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What audiences want and why?

by John Paul Henderson

When determining what audiences will want to watch or be attracted to I do not believe any executive would have thought that a "Seinfield" would become as popular as it did.  The basis of most shows today have a high concept and are dramatic and keep the audience thinking or guessing.  What does it say when one of the most popular shows of all time is about the life of an average man living an average life commenting on everyday problems. Do we as a society want entertainment that is more relatable to our every day lives.  "Friends" is also another good case study.  A story about average people who are room mates across the hall from each other.  As interactive media goes we are wanting to be able to relate because this puts us into the show.  We may not be actually interacting with the content but we are able to relate so closely that we feel that we have invested something in these shows.  This is a mentality I believe that is shared across all media.  When we are able to relate or if we want to be able to relate we are more interested and will invest more into a show or entertainment.  In conclusion I believe we as a society will interact with entertainment one way or another.  The more relatable a show is the more we will be attracted to this show.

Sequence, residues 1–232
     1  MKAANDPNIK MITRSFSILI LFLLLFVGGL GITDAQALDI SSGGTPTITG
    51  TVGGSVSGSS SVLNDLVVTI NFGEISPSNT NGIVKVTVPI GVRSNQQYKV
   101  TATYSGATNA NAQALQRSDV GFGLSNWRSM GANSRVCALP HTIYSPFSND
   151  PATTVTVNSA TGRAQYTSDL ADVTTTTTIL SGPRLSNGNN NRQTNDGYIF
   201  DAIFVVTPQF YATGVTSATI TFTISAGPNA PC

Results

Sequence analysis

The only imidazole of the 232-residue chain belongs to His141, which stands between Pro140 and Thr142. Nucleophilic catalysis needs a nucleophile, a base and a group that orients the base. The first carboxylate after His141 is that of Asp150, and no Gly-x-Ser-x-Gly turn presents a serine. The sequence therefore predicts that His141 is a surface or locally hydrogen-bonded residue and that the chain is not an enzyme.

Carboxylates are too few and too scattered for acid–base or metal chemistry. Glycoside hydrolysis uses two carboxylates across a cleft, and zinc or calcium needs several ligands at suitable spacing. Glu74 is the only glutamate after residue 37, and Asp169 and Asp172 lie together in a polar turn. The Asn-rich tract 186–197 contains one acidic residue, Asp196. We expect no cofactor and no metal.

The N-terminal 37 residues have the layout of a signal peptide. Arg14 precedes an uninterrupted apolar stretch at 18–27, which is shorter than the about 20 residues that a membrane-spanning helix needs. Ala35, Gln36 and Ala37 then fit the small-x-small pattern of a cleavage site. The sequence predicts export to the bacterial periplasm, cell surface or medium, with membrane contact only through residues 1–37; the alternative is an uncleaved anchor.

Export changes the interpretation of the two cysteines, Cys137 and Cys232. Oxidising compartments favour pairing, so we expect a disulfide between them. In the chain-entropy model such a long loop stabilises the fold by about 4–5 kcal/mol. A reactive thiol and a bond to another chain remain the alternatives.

Seinfeld Economics: The Nose Job

by Linda Ghent

A trade-off refers to giving up one thing in return for something else. It implies a decision to be made with both an upside and downside of a particular choice.

Game theory attempts to mathematically capture behavior in strategic situations, or games, in which an individual's success in making choices depends on the choices of others. Game theory has been used to study a wide variety of human and animal behaviors. It was initially developed in economics to understand a large collection of economic behaviors, including behaviors of firms, markets, and consumers. The use of game theory in the social sciences has expanded, and game theory has been applied to political, sociological, and psychological behaviors as well.

A commitment device is a way of changing incentives so as to make otherwise empty threats or promises credible. 

 

Seinfeld: The Nose Job

Jerry fights an inner war over a woman he hates, but who gives him great sex. In an attempt to break himself of her, Jerry has Kramer tear up her phone number.

from Seinfeld, Season 3 (1991)
Creator: Larry David & Jerry Seinfeld
Posted by Linda Ghent
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